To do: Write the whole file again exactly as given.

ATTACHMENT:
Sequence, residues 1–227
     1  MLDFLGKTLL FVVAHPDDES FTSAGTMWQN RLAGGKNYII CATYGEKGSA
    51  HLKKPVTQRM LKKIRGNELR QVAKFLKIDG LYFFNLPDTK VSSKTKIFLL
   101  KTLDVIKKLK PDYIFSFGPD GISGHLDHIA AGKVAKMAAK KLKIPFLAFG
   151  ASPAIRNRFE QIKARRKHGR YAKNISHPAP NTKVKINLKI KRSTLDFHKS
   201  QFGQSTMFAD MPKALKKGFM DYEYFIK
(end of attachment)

Sequence, residues 1–227
     1  MLDFLGKTLL FVVAHPDDES FTSAGTMWQN RLAGGKNYII CATYGEKGSA
    51  HLKKPVTQRM LKKIRGNELR QVAKFLKIDG LYFFNLPDTK VSSKTKIFLL
   101  KTLDVIKKLK PDYIFSFGPD GISGHLDHIA AGKVAKMAAK KLKIPFLAFG
   151  ASPAIRNRFE QIKARRKHGR YAKNISHPAP NTKVKINLKI KRSTLDFHKS
   201  QFGQSTMFAD MPKALKKGFM DYEYFIK